Emotion Coaching Step 2: Seeing Expressions of Emotion as Opportunities for Teaching and Intimacy


View your child’s expressions of emotion as opportunities for teaching and intimacy.

View your child’s expressions of emotion as opportunities for teaching and intimacy.

Expressions of Emotion as Opportunity for Teaching and Intimacy

The second step of Emotion Coaching, according to Dr. Gottman, is seeing your child’s expressions of emotion as opportunities for teaching and intimacy. Rather than seeing negative expressions of emotion as a problem that needs to be “dealt with” or “fixed,” or even as the result of some kind of parental incompetence, the realization that such moments can be used to teach your child may come as a huge relief. Our research has shown that these are the times in which your youngster needs your support the most. Working through your child’s emotions with them, teaching them how to process their emotions, and showing your care for them will allow them to grow in a multitude of ways. For example, it will help them to become better at self-soothing and they will learn to work through problems themselves. Improving your child’s ability to navigate low-intensity situations, such as the loss of an ice cream cone, a poor grade on a test, or a trivial argument with a friend, will encourage them to come to you during more difficult times in their life. Their trust in you will also allow the intimacy in your relationship to grow.
Now we’d like to show you how to put Dr. Gottman’s second step of Emotion Coaching to the test! In the following example – which may feel all too familiar to you parents out there – we’ll walk you through our method for handling potentially stressful and emotion-fraught situations in a way which teaches your child that you are there for them, so that they may learn to navigate such difficulties on their own in the future:

Kendra’s six-year-old son, Ben, has always wanted a dog. Really, really wanted one. A dog person herself, she would love to make his dream a reality, but living in a small apartment in the city makes their mutual desire impossibile. Taking a walk in the park one day, she and Ben spot a few youngsters gallivanting joyfully through the playground with several adorable puppies. He predictably bursts out crying. At the end of her own emotional leash, feeling helpless and exhausted, Kendra cannot believe that she has to deal with “the conversation” all over again. But this time, with the help of Emotion Coaching, she has the tools to lead it in a different, more positive direction.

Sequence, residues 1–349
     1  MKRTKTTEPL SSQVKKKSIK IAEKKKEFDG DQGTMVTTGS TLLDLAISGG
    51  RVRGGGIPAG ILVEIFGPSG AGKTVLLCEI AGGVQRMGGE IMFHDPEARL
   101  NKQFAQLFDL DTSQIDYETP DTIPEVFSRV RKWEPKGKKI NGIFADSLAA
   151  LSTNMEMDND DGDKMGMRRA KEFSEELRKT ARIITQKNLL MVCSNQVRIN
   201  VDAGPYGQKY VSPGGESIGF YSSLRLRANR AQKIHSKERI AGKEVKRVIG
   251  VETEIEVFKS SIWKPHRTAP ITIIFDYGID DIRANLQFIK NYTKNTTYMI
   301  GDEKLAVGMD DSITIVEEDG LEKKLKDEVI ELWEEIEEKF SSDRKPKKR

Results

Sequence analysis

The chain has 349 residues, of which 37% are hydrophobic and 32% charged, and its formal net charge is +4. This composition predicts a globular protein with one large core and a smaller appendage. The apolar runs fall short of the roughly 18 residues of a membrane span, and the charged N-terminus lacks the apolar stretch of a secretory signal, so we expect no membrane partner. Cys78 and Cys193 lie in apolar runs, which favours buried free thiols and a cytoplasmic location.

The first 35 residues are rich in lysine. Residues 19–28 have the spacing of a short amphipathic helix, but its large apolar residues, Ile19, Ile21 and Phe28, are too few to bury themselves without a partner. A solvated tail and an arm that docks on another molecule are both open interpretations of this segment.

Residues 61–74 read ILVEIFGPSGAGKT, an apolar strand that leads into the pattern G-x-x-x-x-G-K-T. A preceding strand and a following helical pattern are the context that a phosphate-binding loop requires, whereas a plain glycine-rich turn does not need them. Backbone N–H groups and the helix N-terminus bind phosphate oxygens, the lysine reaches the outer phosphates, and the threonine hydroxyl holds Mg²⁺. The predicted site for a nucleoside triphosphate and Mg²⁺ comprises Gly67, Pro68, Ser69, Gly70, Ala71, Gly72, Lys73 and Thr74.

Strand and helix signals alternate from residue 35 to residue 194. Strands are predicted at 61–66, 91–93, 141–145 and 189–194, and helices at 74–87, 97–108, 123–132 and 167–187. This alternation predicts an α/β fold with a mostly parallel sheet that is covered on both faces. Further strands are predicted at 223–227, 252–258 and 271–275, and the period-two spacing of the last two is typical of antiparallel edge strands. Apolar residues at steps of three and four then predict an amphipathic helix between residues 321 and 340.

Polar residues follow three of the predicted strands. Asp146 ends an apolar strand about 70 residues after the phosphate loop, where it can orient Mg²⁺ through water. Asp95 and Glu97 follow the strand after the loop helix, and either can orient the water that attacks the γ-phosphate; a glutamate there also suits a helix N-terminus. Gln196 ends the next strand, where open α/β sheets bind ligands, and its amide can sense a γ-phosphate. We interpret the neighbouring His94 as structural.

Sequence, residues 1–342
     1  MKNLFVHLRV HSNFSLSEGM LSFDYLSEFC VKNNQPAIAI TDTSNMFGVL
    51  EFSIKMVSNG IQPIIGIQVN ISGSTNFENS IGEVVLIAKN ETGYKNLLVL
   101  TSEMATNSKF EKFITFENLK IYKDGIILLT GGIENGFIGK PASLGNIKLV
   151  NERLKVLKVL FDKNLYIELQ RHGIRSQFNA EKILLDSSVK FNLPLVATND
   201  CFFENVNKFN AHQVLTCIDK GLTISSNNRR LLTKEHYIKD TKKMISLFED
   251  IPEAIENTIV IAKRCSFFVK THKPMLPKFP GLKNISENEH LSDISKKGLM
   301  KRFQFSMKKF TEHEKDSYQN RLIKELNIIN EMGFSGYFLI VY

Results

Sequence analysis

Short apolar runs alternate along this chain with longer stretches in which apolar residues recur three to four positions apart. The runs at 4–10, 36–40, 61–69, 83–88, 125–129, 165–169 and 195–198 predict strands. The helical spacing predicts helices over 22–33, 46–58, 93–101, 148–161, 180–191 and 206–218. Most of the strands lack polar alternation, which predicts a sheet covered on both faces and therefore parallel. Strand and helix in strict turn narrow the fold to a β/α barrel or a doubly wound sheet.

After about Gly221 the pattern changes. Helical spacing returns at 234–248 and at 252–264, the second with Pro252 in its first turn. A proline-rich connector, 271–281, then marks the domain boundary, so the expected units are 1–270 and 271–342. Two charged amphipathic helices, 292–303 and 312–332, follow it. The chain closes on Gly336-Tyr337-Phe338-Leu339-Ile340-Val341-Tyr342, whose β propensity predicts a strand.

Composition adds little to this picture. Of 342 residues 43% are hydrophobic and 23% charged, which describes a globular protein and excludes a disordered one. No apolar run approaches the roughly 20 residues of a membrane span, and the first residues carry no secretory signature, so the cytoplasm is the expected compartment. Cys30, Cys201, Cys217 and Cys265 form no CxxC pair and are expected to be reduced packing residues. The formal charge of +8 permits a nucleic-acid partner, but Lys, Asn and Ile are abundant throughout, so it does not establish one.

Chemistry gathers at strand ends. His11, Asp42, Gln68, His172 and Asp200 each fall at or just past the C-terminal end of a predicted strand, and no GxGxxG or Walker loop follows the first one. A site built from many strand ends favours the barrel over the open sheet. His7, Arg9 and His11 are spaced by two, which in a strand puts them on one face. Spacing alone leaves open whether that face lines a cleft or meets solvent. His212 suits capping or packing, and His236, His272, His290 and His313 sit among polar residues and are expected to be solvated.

Bending down to eye level with her son, Kendra asks him what’s wrong. “All the other kids have dogs,” he mumbles through tears, “If you really loved me you’d let me have one too!” “I do love you, more than anything in world,” Kendra says, stroking Ben’s hair. “I want a dog too, and I really wish we could have one right now. Maybe when we move out of this apartment, we can think about getting ourselves a puppy of our own! Wouldn’t that be great?” The boy nods. “Those kids out there probably live in a place where their puppies can roam free. You don’t want the puppy we get to be stuck inside, miserable, with no place to go, do you?” Her son shakes his head. 

Ben is still upset, but he is no longer sobbing hysterically. His mother’s words have soothed him temporarily, but their long-term effect will be much greater. As he watches the children play with their dog, and imagines having one of his  own someday, he sees that his Mom understands him and feels that his feelings are being taken seriously. This six-year-old has learned a little bit about the values of patience and compromise. In the future, when the sight of another kid and his dog trigger his envy and sadness, he will remember his mother’s words, and their effect will last – he will feel more confident in his ability to soothe himself with the gain of some perspective on his short-term desires.

Seeing your child’s expressions of emotion as opportunities for teaching and intimacy will allow the two of you to build mutual trust while also relieving your relationship of anxiety and frustration in difficult times. When you observe your child struggling with a problem and expressing fear, sadness, or anger, take the moment as an opportunity for their emotional growth, and for the growth of your relationship.

This Friday, look forward to some simple exercises you can use to apply the first two steps of Emotion Coaching to better equip yourselves and your children in handling stressful situations. Next week, we will go on to Emotion Coaching steps three and four: validating your child’s feelings and helping them label their emotions in words that they can understand.

Ellie Lisitsa is a former staff writer for The Gottman Institute and a contributor to The Gottman Relationship Blog.